Sunday, August 7, 2016

Rupert M. Loydell, from INNER SPACE GHOST MACHINE


The Last Know Statue of Eddy Daemon, image by Rupert M. Loydell



from INNER SPACE GHOST MACHINE

the afterlife of Eddy Daemon


ATTACKED BY DISTANCE

Eddy is convinced his metallic side looks best,
the robotic karma he has customized since birth
is set to a repeat cycle of fashion, polish, spin,

downpour reverie, shattered sonnets (no sign of
any volta), a brilliant mind driven away from home,
ancestral voices eclipsed by good-looking machines,

all industry and noise. There is a route through
all of Eddy's invisible stories, a sunlit clearing
in the woods. But when and if you ever find it

you will be attacked by distance, jumpcut edits,
a volatile glitch, which will become your death,
a permanent remedy for sleep, an unwanted return

to the ghost harbour, a meeting with Fuzzlebeth
Crackleboy, and a time slot for The Guessing.
Liminal machines play on the levplatz, and you

can forget all about quiet pillows in strange corners,
somewhere shady to die, because you are bound for
intrusive lights, active brain, night games with no feet.

Smile for the camera, anaesthetic for the pain.
The weight of this is like a glittering hand
writing ageless isms, fever syndromes that

unlock tunnel vision, best-forgotten memories
of seashore and wet shoes, your life saved by
faces in the sky, a broken mirror on the floor.


GRACE NOTES

The Archangel Zenophobe prefers it
when there is not a soul around.

Miss Tee is grey and floats between
the goalposts of common sense and age.

Eddy Daemon is a whirlwind spirit
who often takes vacations in hell.

It's warmer and he feels more at home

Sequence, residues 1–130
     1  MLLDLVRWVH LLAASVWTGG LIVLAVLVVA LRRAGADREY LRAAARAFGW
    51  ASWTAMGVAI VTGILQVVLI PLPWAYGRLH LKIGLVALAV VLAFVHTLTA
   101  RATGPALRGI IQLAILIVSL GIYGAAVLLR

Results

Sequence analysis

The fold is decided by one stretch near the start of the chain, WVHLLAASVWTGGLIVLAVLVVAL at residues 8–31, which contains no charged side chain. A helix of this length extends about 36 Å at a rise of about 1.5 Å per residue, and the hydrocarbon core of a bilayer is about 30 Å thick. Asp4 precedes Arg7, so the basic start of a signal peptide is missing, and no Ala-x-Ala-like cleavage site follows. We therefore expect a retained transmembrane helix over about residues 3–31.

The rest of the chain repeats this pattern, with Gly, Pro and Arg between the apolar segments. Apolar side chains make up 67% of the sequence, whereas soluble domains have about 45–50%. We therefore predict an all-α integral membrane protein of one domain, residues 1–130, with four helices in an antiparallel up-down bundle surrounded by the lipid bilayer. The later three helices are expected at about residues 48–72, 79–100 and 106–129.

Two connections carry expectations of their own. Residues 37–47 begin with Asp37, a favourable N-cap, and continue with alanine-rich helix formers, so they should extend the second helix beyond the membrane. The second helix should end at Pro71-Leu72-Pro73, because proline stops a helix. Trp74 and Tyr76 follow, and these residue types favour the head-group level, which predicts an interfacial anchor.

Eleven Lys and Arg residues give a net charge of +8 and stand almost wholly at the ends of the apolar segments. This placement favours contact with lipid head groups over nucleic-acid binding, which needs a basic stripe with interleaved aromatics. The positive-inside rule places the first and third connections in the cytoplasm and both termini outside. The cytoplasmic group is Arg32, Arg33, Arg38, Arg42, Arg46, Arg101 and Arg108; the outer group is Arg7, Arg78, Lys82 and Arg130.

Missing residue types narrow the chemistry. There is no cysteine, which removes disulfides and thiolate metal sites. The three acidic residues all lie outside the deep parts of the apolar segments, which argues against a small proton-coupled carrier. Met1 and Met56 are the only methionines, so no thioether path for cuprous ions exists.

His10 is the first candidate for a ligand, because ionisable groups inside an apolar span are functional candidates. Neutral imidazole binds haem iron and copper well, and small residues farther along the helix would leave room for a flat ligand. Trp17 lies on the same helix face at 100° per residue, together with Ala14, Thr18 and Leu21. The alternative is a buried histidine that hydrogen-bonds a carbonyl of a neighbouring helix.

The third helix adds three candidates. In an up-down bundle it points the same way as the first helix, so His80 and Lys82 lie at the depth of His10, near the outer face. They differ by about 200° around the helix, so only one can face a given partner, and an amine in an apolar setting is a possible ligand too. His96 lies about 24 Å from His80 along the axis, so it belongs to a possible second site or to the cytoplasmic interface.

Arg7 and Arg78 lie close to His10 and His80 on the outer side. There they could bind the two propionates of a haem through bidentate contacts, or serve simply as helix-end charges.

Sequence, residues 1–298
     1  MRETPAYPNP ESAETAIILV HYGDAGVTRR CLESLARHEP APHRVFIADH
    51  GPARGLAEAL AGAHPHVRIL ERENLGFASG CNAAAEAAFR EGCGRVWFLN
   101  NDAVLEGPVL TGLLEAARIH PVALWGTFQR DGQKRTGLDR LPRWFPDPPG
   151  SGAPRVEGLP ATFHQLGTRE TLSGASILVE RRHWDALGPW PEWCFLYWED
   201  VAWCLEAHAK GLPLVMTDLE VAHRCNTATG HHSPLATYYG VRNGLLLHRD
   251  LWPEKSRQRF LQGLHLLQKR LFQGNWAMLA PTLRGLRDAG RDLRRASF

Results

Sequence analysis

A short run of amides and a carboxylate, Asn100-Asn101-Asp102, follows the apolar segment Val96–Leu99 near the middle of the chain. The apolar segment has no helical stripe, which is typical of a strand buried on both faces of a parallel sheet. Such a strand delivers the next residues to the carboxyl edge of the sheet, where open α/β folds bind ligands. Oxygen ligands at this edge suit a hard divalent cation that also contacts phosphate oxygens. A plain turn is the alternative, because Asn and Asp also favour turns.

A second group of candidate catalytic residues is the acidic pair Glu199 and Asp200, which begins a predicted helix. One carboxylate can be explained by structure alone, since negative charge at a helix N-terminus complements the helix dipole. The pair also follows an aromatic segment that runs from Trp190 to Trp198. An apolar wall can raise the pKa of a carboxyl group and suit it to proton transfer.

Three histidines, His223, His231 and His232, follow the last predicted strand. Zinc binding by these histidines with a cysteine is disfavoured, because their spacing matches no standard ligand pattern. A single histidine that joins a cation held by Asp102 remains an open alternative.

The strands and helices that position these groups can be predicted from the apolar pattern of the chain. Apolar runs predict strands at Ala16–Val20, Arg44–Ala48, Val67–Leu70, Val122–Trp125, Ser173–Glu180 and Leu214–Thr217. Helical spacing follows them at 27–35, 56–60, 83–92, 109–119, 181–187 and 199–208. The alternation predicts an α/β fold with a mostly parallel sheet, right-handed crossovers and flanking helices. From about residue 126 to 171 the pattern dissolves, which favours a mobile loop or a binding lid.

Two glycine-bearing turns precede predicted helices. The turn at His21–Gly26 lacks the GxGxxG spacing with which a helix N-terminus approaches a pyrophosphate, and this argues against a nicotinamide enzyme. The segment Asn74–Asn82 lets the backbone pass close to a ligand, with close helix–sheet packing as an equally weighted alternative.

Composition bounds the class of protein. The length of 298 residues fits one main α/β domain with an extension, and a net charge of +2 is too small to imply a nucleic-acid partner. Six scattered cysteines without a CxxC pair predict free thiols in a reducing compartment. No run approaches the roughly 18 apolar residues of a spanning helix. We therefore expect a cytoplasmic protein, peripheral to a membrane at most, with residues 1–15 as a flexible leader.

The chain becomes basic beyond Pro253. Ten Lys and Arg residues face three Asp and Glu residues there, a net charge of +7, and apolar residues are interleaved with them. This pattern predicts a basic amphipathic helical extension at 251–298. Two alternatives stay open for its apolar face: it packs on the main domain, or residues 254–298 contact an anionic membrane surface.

away from the warmth of the Radiation King.


A PARTIAL RETREAT

Millipede erotica
and the slow train home.


HURRICANE JANE

Keep your eyes on the boys,
you never know what they're doing.
That Eddy Daemon, he's a one;
I don't know whether to lick him
all over or send him home for tea.
Too much commonsense makes for
dull times, living dangerously can
get you in a mess. All you want
are the things I need, everyone
but me loves Eddy Heartbreaker.
You'll have to help out when
he's gone, and when I'm gone
he won't remember the day
Hurricane Jane blew by,
covering up the sun.
This game has no name,
let no man steal your time
under false impressions
or give you no good reason
to ignite the star engine
and take off for the sky.
Keep your eyes on the boys
and ignore this warning.
That Eddy Daemon is the one.


HIDE ME IN DARKNESS

Bacofoil skin graft, basting ladle splint,
domestic war wounds and anaesthetic bite,
white spirit cocktails and chalk dust paninis,
stale bread. The future was electric, the future
is switched off. Eddy Daemon conjures light,
a secondhand glow, as the dirt-grey sun sets
over whatever planet we are marooned on now.
Battery charm bracelet, wind-up pacemaker,
and a petrol engine that runs on gas or might do
if it worked. Eddy improvises, asks questions
he knows the answers to, looks at Delta-Xeroid 5
bright in the purple sky above and beseeches
the Electro Angel for a room for the weekend
and membership of the Hellfire Club. The devil
you do, the devil you didn't, both conspire
and corrupt. We pass the night together
as the sun stands still and I experiment with
representations of space and a piece of string
rescued from the back of the kitchen drawer.


THE UNMAKING (OF EDDY DAEMON)

First, unscrew his arms and legs
and stick them in the cupboard,
secondly remove his heart,
place it in the kidney bowl.
Ignore the twitches and screams,
it takes a while for life to fade;
no anaesthetic is required.
Once the body becomes still
the head can be removed
and the brains scooped out
into the jam jar provided.
Spare eyes are always useful
but are not medically essential,
you must see how you feel.
There is a meat cleaver and
a mincing machine in the shed
to your left. Do what you must,
now wash your hands. Break
your pencil and pens, and then
discard. Never write or talk
about Eddy Daemon again.
There must be no necromancy
or well-wishers wishing well.
Eddy Daemon is no more.
He's consigned to the silence
of an after-hours forgotten hell.




—Rupert M. Loydell

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